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This talk considers two different statistical approaches to producing possible future climates. The first is climate model emulation, which seeks to develop a simple statistical model that can reproduce some of the outputs of a GCM under conditions (forcing scenarios, parameterizations) for which the GCM has not been run. Here, we focus on emulating regional temperature and precipitation at the annual time scale as a function of CO2 trajectory. Both the input (CO2 trajectory) and the outputs (annual regional-scale temperature and precipitation) are time series. It is important to use an emulator that respects this time series structure and I will describe a fairly simple regression model that does so and is able to reproduce model output reasonably well with very few (sometimes one is enough) runs of the GCM as a training set.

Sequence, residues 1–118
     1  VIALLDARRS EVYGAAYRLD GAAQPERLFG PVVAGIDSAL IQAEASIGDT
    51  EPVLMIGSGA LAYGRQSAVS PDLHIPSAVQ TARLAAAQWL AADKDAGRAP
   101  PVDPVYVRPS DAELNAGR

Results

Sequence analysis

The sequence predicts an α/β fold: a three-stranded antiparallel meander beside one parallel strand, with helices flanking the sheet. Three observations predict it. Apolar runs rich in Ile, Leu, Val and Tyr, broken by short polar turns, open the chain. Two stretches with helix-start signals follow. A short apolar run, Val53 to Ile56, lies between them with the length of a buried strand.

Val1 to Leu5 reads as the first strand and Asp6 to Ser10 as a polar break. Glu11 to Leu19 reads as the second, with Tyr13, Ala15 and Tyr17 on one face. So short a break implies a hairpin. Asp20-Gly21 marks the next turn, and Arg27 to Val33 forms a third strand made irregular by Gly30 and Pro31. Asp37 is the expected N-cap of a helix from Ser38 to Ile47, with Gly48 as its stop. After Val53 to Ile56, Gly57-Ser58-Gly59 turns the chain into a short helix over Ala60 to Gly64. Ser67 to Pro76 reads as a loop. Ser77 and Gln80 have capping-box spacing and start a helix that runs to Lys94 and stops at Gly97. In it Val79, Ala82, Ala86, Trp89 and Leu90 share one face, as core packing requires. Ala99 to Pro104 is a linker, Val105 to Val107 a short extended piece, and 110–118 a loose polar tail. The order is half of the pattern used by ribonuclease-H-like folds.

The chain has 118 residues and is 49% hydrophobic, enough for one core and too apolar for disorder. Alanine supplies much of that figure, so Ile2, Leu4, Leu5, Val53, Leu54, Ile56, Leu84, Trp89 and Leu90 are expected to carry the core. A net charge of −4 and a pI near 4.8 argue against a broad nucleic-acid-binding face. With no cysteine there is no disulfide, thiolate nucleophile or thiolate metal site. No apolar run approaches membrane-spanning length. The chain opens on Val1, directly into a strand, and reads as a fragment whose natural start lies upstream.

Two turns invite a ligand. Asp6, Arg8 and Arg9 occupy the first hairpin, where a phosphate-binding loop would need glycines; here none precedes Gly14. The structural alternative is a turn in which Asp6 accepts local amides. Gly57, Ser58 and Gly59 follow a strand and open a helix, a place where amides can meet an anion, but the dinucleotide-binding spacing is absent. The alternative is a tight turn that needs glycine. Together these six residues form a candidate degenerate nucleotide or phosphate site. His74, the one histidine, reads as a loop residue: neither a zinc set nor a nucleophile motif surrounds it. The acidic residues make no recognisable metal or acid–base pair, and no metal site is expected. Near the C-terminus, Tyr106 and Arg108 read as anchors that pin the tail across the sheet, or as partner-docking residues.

Emulating GCMs is one thing, but producing accurate simulations of future climates is another and is of greater interest for at least some purposes (such as impact assessments). Directly using the output of GCM for this purpose is unwise and it is common to combine observational data and GCM output to produce future climate simulations. One can either use the observational record to modify the GCM output or can use GCM output to modify the observational record. We advocate the latter approach. I will describe a spectral method for modifying observed daily temperatures that allows one to account for possibly different changes in variability at different time scales in a natural and coherent way.
This talk represents joint work with Elisabeth Moyer, Stefano Castruccio, David McInerney, Robert Jacobs, Feifei Liu and William Leeds.